Syd <[EMAIL PROTECTED]> writes:
> However, with postgres 7.4 on Mac OSX 10.2.3, we're getting an amazing 
> 500 inserts per second.

> We can only put this down to the OS.

As noted elsewhere, it's highly likely that this has nothing to do with
the OS, and everything to do with write caching in the disks being used.

I assume you are benchmarking small individual transactions (one insert
per xact).  In such scenarios it's essentially impossible to commit more
than one transaction per revolution of the WAL disk, because you have to
write the same WAL disk page repeatedly and wait for it to get down to
the platter.  When you get results that are markedly in excess of the
disk RPM figure, it's proof positive that the disk is lying about write
complete (or that you don't have fsync on).

The only way to get better performance and still have genuine ACID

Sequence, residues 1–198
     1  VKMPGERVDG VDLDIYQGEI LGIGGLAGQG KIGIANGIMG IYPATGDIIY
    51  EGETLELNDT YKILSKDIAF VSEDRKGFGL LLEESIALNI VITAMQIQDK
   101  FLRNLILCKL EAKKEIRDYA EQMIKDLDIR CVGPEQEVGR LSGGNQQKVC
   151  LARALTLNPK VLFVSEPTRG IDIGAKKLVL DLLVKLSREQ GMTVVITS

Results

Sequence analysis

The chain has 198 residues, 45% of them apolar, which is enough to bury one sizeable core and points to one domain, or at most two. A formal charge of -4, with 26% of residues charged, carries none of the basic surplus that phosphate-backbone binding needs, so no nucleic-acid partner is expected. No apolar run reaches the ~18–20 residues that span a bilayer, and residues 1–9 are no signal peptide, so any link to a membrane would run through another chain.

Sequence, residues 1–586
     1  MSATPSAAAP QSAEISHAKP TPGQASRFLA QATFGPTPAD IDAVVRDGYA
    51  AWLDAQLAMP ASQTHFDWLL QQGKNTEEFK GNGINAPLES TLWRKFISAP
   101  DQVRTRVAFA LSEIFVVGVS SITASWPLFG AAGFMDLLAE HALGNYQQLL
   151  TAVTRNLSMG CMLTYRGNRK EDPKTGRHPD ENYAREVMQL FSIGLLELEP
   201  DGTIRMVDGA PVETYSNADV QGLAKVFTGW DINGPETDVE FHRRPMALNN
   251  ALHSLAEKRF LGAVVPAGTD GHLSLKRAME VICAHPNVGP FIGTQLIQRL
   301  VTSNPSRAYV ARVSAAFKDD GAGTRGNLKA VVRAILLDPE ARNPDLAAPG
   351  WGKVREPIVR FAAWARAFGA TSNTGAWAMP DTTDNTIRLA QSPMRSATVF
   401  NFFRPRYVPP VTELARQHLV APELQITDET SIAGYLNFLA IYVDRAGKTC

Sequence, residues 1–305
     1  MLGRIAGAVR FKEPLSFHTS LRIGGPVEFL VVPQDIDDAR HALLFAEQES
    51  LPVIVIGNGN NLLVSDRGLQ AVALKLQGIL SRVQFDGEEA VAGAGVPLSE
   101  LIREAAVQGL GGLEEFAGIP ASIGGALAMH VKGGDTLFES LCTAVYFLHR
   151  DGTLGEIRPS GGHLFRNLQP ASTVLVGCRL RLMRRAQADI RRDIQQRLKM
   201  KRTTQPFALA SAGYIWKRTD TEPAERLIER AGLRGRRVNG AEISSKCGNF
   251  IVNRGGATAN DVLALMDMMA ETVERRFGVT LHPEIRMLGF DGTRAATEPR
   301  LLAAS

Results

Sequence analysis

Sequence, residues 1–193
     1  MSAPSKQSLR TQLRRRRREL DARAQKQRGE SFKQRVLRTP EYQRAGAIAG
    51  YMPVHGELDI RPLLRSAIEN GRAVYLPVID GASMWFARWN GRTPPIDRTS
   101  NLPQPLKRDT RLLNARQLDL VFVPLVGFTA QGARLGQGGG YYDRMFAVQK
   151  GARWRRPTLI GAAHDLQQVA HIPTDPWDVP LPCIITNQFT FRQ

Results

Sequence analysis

behavior is to gang multiple insertions per WAL write.  You can do
multiple insertions per transaction, or if you are doing several
insertion transactions in parallel, you can try to commit them all in
one write (experiment with the commit_delay and commit_siblings

> BTW, on the same hardware that postgres is running on to get 50 inserts 
> per sec, MySQL (4.0.17) is getting an almost unbelievable 5,500 inserts 
> per second.

I'll bet a good lunch that MySQL is not being ACID compliant in this
test.  Are you using a transaction-safe table type (InnoDB) and
committing after every insert?

If you don't in fact care about ACID safety, turn off fsync in Postgres
so that you have an apples-to-apples comparison (or at least
apples-to-oranges rather than apples-to-cannonballs).

                        regards, tom lane

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